As with any ancient, darkened space steeped in lore, tales of the supernatural persist. Is that distant pitter-patter merely moisture dripping from the arched-earth ceiling? Or is it the spirit of a fallen soldier from Napoleon’s Grande Armée? Ghost tales might seem apocryphal, but consider this: in July of 1918, near the end of World War I, an inexplicable fire swept through the dank layers beneath Moët & Chandon. Not a soul was there to start the conflagration and candles hadn’t been used in the tunnels for 30 years.
One thing we do know is that the eight maisons now along the Avenue de Champagne maintain a combined total of more than 60 miles of cellar snaking below. Wine worth some $2 billion ages there quietly. But that value extends beyond the bottles. Dig deep and the most expensive street in the world offers all sorts of historical riches.
No journey to Épernay is complete without a descent to marvel at the bottles as they age to perfection. Most of the major maisons now open their cellars to daily tours: Here’s a list of the tastiest.
The granddaddy of them all is this 90-minute ramble through the dimly-lit caverns beneath the Avenue de Champagne. You’ll walk past literally millions of bottles, stacked from floor to ceiling, as you observe decades-old vintages. You’ll even get to sample some of the goods after familiarizing yourself with the famed méthode champenoise.
Although not as physically expansive as some of its competitors, Domain Comtesse Lafond is full of history. And it’s based in a stunning, twin-spired chateau directly along the Avenue de Champagne. Book the Sabrage Experience to enjoy quality cellar time here. Learn of its history, hauntings and how to use a sword to open a bottle of bubbly. Sabering is a skill that everyone should possess.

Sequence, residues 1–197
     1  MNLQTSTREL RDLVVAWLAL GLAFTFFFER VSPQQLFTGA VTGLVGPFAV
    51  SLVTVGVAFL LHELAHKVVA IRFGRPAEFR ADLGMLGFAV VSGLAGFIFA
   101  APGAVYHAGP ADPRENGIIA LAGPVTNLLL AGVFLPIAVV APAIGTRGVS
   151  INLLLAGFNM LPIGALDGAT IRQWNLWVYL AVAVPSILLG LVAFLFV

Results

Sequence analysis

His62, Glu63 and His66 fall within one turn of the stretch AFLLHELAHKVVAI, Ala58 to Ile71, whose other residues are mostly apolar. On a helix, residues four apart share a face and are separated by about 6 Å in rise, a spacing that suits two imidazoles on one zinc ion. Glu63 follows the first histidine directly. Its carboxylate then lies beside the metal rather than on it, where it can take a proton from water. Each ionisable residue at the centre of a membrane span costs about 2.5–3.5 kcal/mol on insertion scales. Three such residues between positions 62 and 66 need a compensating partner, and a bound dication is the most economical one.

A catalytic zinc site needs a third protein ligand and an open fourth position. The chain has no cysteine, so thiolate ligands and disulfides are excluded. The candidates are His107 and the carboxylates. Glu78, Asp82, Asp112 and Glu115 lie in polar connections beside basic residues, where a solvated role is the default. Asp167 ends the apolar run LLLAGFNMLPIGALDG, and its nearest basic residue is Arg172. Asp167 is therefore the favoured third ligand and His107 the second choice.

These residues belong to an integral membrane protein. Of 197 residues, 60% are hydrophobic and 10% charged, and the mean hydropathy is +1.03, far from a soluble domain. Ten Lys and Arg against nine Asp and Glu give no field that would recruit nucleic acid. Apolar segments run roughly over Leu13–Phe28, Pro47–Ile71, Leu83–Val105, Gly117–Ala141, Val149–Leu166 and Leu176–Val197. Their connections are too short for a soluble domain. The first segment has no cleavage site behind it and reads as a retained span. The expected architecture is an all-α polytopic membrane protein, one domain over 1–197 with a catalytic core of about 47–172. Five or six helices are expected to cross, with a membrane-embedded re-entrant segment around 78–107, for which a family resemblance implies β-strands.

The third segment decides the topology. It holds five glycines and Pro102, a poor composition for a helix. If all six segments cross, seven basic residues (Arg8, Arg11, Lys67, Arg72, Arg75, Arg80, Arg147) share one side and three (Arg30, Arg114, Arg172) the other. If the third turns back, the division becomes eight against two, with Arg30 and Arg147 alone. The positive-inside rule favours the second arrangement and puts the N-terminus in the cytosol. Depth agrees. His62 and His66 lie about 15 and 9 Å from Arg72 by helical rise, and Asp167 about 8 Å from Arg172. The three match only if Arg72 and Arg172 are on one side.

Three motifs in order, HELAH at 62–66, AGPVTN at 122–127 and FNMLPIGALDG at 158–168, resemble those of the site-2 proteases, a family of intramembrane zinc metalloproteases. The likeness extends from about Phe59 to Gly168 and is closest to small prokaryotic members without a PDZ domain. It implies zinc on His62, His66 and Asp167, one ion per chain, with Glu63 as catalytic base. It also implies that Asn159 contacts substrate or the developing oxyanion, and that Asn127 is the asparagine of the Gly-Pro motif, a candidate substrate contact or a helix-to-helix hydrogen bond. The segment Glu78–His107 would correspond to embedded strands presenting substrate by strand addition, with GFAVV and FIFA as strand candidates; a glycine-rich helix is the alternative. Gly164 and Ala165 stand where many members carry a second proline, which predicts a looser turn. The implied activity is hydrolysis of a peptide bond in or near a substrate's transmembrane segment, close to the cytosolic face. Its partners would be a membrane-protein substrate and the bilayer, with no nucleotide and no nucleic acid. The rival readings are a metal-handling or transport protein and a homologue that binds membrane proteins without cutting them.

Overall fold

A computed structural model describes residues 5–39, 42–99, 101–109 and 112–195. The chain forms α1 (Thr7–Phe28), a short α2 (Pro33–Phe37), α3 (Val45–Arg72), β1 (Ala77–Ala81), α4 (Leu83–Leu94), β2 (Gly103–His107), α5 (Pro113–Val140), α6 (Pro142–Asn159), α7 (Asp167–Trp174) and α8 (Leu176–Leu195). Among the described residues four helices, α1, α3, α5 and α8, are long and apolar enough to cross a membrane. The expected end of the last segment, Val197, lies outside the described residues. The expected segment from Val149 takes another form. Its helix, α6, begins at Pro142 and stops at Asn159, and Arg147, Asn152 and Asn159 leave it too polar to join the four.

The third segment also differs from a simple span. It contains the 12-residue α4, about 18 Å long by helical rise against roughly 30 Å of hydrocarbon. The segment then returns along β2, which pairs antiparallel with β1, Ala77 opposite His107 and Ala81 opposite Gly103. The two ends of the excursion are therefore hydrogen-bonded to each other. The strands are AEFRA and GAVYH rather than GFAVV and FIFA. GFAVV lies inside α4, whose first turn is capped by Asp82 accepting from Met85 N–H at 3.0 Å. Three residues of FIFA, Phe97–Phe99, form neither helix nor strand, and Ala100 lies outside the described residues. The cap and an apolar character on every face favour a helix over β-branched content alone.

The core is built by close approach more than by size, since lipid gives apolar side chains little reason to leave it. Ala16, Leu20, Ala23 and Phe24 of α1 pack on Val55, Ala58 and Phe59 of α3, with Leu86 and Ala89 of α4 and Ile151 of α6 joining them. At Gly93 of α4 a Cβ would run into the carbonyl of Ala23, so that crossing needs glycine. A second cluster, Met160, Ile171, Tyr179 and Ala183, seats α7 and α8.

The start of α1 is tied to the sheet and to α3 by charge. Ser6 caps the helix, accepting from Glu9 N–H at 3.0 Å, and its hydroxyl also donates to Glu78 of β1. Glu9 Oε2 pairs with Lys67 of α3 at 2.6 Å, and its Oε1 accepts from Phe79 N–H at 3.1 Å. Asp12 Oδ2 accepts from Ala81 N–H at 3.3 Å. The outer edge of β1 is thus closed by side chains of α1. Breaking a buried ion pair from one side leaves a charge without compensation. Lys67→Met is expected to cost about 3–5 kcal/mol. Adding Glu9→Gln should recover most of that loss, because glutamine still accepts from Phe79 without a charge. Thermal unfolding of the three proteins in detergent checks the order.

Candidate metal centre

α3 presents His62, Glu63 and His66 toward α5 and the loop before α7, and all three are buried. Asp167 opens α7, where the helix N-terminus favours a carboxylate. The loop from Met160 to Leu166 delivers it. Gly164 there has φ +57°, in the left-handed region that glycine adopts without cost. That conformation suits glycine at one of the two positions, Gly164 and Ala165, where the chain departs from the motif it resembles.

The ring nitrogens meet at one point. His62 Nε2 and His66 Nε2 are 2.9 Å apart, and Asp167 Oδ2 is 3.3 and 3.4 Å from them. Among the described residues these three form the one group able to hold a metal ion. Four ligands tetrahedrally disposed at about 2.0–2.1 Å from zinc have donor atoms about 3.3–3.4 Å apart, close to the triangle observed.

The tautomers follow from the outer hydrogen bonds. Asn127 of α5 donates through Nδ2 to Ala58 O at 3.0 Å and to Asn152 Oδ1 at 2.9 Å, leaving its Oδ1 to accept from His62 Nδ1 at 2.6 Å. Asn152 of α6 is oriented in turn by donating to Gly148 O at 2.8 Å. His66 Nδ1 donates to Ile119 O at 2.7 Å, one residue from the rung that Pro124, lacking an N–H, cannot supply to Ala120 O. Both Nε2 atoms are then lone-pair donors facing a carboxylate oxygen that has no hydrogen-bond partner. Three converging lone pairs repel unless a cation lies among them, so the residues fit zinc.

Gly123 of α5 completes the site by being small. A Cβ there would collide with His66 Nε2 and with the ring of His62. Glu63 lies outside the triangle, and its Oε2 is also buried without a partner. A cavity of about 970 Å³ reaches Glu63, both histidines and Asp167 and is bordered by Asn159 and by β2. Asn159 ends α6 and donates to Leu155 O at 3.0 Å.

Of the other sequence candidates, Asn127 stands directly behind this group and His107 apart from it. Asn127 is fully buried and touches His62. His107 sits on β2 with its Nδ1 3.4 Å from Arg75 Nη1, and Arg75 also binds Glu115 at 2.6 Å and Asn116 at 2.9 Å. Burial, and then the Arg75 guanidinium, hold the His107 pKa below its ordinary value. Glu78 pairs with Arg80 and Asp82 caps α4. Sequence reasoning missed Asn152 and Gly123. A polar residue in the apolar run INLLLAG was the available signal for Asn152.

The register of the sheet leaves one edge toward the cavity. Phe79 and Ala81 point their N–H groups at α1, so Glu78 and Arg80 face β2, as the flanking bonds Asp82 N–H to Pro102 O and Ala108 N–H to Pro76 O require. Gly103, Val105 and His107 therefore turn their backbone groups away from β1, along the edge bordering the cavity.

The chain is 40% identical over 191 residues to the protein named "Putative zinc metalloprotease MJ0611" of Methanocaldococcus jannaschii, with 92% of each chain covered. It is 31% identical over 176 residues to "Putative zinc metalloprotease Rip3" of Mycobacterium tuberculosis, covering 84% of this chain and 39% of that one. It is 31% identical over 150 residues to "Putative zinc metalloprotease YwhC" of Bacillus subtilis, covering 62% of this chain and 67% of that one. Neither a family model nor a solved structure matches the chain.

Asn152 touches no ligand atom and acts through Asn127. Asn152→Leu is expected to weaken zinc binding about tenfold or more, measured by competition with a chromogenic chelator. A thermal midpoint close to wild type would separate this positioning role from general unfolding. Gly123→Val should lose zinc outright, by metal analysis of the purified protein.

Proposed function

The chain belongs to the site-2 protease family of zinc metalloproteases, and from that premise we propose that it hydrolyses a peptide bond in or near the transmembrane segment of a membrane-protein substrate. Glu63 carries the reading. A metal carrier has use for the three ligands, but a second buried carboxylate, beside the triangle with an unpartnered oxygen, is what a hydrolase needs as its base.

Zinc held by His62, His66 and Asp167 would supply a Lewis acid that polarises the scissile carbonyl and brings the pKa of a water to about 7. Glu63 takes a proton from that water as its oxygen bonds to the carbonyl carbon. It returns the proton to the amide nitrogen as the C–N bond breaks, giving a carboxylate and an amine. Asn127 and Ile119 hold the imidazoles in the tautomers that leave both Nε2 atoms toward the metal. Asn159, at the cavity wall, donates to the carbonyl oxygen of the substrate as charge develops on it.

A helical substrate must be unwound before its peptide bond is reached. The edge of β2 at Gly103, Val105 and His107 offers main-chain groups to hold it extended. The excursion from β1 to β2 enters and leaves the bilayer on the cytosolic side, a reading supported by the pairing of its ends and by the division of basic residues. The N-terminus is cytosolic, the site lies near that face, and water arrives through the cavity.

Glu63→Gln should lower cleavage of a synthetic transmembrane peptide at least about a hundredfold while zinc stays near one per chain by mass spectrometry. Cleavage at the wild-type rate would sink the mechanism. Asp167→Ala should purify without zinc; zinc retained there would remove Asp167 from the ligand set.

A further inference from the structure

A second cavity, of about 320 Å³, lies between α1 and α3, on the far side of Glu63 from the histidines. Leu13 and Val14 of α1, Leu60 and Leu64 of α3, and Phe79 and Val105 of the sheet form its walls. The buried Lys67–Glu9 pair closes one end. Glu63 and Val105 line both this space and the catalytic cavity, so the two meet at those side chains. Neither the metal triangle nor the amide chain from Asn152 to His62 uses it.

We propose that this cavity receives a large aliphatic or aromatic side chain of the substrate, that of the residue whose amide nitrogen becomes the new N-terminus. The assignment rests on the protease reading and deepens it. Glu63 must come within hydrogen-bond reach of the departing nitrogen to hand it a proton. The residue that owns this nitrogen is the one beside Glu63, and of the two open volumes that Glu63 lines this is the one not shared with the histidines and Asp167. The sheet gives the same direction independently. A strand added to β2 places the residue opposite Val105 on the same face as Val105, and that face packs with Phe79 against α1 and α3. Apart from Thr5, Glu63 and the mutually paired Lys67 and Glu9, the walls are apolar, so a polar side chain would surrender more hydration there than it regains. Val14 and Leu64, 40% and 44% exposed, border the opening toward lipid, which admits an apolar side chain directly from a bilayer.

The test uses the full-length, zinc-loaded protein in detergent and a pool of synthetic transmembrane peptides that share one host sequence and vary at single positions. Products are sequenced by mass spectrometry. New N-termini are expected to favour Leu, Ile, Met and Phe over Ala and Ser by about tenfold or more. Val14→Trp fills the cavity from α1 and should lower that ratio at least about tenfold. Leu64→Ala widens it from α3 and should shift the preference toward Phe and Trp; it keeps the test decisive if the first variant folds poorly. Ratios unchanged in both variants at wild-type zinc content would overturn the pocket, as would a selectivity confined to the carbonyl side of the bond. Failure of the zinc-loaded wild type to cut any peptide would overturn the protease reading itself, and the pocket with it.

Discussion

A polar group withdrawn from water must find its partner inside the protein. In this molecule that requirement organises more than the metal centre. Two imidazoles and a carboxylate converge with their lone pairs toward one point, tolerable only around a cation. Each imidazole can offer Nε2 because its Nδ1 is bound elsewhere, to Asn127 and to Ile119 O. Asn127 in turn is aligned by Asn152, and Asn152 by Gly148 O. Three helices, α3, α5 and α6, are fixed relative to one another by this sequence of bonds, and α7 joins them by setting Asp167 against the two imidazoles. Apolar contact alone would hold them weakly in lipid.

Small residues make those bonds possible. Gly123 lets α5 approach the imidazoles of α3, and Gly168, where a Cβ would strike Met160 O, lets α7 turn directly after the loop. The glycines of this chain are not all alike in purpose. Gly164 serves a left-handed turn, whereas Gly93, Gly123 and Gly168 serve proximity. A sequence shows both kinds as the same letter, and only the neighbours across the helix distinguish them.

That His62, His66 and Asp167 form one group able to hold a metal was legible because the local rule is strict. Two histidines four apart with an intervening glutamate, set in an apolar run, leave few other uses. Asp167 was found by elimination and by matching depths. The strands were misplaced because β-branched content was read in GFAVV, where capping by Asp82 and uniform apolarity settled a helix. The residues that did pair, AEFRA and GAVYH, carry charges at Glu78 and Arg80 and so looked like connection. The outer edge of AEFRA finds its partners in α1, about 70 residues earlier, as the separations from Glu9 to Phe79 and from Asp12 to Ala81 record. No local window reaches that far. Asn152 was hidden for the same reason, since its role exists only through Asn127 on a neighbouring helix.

Mercier is the only cellar providing an actual ride through its cellars. With an almost amusement park–feel, it’s Willy Wonka for wine geeks but no less immersive. In fact, you’ll see more of the 11 miles of aging tunnels than you ever could by foot. “[Visitors] appreciate the amazing contrast between our traditional heritage and the originality of touring the cellars in a little train,” says chef de cave Christophe Bonnefond.
This fifth-generation family of champagne makers dates back to 1834. Its cellar still hold bottles from that era. The tour expands upon the lengthy history of the region and how it earned its status as a UNESCO World Heritage site. Drink it all in with a tasting of two early 2000s vintages.